Even if Confidentially Yours! isn’t a proper farewell to cinema, it still says a lot about its maker. As Don Allen puts it in Finally Truffaut, “[the film] is neither innovative nor revolutionary but then Truffaut never laid claim to either of these qualities. All he ever wished to do was to revisit the cinema he loved and to make films in the same vein.”2 Allen is right that Confidentially Yours! is not as ambitious as Truffaut’s earlier work, but that doesn’t mean it is any less personal. The film stays true to the adoration and reverence which brought Truffaut to cinema, first as a spectator, then as a critic, and finally as a director. In this light, Confidentially Yours! is less about endings than it is about beginnings, in which the auteur travels backwards in time and revisits the sounds and images of the past.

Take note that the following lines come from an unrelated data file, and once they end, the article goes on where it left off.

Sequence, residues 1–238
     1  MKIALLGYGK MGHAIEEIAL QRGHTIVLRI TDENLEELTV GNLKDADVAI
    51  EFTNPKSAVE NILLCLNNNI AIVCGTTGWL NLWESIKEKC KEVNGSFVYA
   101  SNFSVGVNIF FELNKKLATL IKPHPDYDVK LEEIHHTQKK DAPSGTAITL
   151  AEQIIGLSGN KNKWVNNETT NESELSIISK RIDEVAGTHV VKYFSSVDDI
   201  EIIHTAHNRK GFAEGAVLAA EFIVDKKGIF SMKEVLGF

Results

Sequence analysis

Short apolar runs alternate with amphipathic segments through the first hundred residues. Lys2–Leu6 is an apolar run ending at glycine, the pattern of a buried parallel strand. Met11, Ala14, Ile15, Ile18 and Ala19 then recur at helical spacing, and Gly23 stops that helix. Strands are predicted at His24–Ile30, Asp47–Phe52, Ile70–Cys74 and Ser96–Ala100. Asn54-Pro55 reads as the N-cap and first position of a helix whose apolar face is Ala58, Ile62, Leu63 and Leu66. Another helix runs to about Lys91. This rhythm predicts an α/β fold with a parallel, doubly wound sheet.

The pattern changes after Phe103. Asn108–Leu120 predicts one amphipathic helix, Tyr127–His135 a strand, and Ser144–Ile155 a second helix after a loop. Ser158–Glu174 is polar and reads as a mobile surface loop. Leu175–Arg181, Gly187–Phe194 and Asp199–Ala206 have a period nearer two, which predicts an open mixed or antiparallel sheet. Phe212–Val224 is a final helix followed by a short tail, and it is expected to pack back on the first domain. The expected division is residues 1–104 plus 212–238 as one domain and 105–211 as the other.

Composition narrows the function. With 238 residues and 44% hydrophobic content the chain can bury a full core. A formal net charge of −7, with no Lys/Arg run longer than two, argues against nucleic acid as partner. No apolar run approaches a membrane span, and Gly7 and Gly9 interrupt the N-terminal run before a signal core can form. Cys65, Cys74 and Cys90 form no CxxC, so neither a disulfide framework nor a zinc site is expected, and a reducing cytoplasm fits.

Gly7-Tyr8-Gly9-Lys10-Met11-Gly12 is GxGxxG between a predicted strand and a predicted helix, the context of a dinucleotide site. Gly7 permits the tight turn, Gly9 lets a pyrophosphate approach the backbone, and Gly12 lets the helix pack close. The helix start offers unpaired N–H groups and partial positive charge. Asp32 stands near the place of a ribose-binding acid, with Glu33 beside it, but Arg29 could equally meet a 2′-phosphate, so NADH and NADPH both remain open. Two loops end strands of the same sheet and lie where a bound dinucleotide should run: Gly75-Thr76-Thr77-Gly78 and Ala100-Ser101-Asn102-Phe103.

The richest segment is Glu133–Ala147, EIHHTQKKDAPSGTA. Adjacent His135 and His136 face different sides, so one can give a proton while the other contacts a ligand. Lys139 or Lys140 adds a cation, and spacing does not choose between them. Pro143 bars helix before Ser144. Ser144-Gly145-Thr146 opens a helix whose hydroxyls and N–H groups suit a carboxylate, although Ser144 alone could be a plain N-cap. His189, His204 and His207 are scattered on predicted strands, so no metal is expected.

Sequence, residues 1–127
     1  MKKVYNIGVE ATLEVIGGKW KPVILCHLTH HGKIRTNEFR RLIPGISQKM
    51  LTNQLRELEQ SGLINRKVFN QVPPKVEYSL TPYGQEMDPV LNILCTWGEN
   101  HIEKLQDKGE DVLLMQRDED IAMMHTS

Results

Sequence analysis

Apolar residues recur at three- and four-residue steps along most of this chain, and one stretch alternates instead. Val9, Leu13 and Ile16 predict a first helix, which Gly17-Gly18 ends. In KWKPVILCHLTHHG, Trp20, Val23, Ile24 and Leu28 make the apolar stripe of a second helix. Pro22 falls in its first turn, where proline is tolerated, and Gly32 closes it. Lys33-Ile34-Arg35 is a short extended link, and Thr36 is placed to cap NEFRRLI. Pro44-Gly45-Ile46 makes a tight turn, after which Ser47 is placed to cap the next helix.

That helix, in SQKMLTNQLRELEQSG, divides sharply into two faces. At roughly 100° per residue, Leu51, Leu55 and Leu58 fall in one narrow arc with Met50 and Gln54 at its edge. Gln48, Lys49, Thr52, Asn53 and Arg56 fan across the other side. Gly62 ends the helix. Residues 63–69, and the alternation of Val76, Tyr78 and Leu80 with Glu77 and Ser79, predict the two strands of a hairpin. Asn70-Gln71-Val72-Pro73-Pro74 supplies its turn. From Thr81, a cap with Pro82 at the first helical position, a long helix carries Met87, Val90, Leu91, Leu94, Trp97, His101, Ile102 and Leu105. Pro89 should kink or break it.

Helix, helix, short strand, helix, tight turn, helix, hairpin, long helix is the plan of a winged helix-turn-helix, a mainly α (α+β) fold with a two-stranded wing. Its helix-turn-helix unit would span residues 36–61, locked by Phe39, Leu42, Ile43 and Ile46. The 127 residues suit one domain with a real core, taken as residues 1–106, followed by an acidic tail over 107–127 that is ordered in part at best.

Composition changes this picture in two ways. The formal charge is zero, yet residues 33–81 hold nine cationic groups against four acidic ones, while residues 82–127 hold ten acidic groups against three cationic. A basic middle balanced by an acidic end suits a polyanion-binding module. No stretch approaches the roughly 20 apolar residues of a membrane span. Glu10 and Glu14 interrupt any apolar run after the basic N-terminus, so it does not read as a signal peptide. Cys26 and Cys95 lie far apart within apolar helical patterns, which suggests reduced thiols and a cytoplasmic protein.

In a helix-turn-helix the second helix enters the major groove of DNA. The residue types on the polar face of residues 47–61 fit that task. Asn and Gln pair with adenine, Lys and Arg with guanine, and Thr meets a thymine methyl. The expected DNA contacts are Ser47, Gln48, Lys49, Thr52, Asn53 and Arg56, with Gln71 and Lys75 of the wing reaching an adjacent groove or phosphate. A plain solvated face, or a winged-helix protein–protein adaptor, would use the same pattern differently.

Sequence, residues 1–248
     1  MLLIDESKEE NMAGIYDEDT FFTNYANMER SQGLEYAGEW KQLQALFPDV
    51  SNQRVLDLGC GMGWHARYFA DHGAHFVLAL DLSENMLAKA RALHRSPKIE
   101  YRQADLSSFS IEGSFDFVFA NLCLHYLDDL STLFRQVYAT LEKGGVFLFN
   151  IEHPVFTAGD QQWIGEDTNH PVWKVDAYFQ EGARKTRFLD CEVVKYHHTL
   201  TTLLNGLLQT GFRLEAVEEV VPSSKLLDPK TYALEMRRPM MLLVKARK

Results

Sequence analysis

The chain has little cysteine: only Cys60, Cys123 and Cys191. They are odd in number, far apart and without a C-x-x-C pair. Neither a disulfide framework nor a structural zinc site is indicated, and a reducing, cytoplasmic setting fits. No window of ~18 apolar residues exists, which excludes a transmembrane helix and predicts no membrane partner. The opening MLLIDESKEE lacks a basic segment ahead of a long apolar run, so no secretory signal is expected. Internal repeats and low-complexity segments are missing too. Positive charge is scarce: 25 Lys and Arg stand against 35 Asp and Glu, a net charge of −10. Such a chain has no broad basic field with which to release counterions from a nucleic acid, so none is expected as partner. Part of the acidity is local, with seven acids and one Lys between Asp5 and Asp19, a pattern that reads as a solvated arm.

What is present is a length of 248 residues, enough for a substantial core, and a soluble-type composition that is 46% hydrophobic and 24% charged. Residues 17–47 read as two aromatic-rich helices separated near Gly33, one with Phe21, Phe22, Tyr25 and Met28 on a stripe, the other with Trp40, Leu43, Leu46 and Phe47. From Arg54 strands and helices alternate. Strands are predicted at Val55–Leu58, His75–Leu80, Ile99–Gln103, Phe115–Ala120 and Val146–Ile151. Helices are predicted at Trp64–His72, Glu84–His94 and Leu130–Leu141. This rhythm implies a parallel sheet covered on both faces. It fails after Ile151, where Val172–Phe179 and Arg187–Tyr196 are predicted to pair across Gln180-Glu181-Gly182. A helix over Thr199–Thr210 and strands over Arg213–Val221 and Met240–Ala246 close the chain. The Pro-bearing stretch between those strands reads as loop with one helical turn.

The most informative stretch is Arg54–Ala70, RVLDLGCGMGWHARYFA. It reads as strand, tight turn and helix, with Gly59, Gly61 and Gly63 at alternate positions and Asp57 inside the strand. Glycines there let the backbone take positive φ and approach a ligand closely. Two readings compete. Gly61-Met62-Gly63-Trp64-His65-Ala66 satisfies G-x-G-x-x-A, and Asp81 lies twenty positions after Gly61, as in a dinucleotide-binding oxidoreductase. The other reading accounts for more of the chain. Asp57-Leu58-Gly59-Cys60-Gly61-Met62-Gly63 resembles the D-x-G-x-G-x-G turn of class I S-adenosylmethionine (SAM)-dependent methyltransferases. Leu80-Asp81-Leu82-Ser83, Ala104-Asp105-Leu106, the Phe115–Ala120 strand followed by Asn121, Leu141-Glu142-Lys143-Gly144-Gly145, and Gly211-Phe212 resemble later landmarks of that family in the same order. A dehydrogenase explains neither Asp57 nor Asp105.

1. The French title is Vivement dimanche! In his monograph Finally Truffaut, Don Allen translates it as “Finally Sunday!” or “Roll on Sunday!” (209).
  2. Finally Truffaut, 214.